The fact that the Byrds evolved at an amazing rate across the space of three years -- more drastically than similarly evolving contemporaries like the Beatles and Stones -- may have baffled a pop marketplace just getting used to jingling and jangling. "I suppose we would have been more successful if we had kept the old `Mr. Tambourine Man' sound going a little bit longer," McGuinn reflects. "But that just wasn't in the cards. We were making a conscious effort to pop out of one box and into another. We didn't wanna be in a box, so we'd invent a new form, then they'd put a box around it. Then we'd move on to something else, and we kept doing it until we ran out of places to go. Or people to do it with.
"There was something in the air. I think everybody was having that kind of creative surge. The Beatles were fueling it, the Stones and the whole British Invasion scene, then the bands in America were reacting to that. It was a game of catch-up, and it was a very exciting time for music. Also, we were all friends and used to send ideas back and forth. Or some of us might be inspired by certain licks on albums and write new songs from them."
Hillman notes one under-recognized weapon in the Byrds' original arsenal: Gene Clark, who composed some of the early band's strongest non-Dylan material. "I don't think I appreciated Gene Clark as a songwriter until the last two years," says Hillman. "He was awesome! He was heads above us! Roger wrote some great songs then, but Gene was coming up with lyrics that were way beyond what he was. He wasn't a well-read man in that sense, but he would come up with these beautiful phrases. A very poetic man -- very, very productive. He would write two or three great songs a week.
"Last weekend, I played this little club in L.A. and I did `Feel a Whole Lot Better.' And I said to the audience, `You know what makes this song so special? It's the inclusion of the word "probably."' Think about it: `I'll probably feel a whole lot better when you're gone.' Here he is, talking about splitting up with this girl and all that, and here's this interesting twist in the lyrics. As opposed to, `Yeah, I'm going to feel a whole lot better,' there's this little bit of doubt. That's pretty sophisticated stuff for a 20-year-old kid to write. `The World Turns All Around Her,' `She Don't Care About Time'...at the time, I didn't realize how deep those songs were!"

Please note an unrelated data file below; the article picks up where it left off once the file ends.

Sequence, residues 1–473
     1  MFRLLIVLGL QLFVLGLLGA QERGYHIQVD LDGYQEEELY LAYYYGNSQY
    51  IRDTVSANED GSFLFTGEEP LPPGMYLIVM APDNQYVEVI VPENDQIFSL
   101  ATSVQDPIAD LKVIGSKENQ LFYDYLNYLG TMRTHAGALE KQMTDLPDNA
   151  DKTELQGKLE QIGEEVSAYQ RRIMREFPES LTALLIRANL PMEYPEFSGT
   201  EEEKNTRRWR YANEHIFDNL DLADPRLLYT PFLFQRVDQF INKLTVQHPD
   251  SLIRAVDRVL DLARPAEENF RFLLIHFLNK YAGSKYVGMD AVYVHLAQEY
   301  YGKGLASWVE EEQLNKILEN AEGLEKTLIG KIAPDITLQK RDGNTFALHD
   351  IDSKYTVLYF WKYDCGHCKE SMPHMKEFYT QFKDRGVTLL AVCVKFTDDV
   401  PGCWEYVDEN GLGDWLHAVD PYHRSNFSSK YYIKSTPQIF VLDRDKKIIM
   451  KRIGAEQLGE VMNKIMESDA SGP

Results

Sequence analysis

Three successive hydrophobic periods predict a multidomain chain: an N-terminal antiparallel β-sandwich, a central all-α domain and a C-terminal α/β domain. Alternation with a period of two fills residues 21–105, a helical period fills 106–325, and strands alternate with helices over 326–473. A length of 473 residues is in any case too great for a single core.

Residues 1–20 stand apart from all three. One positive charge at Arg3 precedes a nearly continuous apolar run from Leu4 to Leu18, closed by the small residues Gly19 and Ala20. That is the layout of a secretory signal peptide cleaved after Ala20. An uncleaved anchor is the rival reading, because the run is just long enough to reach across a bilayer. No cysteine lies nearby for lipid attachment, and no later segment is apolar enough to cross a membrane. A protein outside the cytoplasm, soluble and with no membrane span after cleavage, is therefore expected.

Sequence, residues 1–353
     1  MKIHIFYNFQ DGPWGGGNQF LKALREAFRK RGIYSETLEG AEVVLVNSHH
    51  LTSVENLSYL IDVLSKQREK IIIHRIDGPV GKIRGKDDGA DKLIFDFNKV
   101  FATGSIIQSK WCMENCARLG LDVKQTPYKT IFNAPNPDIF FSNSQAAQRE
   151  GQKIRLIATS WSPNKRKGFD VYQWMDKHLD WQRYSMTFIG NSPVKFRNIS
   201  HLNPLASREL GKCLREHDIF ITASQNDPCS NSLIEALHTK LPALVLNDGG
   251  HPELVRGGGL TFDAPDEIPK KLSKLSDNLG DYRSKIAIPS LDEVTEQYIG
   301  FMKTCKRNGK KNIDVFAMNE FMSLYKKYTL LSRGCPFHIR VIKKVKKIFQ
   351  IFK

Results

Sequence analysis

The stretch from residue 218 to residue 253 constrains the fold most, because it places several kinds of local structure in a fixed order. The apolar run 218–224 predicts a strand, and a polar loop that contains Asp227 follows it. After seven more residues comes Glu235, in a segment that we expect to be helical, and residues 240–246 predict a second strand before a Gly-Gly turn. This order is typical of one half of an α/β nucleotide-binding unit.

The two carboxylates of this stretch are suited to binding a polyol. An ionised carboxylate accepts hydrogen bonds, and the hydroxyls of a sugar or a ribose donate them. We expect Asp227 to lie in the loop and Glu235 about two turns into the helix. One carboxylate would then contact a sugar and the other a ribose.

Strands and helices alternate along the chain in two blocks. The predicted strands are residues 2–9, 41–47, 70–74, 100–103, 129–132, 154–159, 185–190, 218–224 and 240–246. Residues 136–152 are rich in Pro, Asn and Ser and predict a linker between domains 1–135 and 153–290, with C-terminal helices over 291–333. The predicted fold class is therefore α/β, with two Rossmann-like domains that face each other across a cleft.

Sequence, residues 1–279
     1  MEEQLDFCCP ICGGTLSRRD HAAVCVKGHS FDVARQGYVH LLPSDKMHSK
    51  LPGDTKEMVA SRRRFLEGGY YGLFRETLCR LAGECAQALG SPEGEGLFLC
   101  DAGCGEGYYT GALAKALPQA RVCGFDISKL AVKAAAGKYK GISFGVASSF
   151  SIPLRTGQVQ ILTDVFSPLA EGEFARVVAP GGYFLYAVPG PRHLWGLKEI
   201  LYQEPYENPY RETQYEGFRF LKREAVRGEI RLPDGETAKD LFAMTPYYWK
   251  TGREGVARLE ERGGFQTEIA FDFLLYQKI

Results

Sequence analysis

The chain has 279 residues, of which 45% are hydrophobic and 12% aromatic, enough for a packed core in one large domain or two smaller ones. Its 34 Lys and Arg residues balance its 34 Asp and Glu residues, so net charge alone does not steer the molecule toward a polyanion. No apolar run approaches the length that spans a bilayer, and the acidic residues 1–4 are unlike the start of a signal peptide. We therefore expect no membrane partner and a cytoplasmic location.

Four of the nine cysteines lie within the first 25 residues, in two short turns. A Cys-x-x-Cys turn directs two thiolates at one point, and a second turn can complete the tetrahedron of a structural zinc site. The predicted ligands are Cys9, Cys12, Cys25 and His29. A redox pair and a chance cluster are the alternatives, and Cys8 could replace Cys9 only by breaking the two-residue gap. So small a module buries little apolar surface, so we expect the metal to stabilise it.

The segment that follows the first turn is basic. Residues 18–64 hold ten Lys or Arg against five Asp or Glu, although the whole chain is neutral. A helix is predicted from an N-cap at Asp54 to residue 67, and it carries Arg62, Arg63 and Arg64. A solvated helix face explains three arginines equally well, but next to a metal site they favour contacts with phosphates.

"Gene left in '66," McGuinn recollects. "He was scared of airplanes, and didn't want to fly anymore. He panicked on a plane, had to get off, and that was it. Also, I think he had aspirations of being a solo artist, and he was being set up by our management team, who wanted to single him out and make him an Elvis-type figure. So, there was more to it than met the eye at the airport that day." McGuinn lets fly another dry chuckle. "There was an underlying, sinister motive: `We can just take Gene, make him an Elvis, and we won't have to deal with the rest of these guys!'"
Despite the band hanging in there long enough to issue two strong albums in '67, Younger Than Yesterday and The Notorious Byrd Brothers, they were slowly fragmenting behind the scenes. Crosby, for one, somehow got it into his head he was as good a songwriter as he was a harmony singer, as ridiculous a notion as the ponchos he wore onstage in the Byrds' vintage period, or the trendy peace-n-luv Frisco rhetoric he embraced more heartily than either McGuinn or Hillman. One can hear the tension manifest itself in the 10 minutes of verbal warfare tacked onto the new edition of Byrd Brothers: Clarke has difficulty negotiating the rhythms of "Dolphins Smile," and Crosby's nagging-wife approach to coaching the drummer ain't helping. McGuinn chimes in with some well-placed barbs about Crosby's rampant egomania, and soon the three non-drumming Byrds are chiding Clarke as producer Gary Usher attempts to redirect the proceedings. Crosby would be fired mid-album, while Clarke would walk out one month later.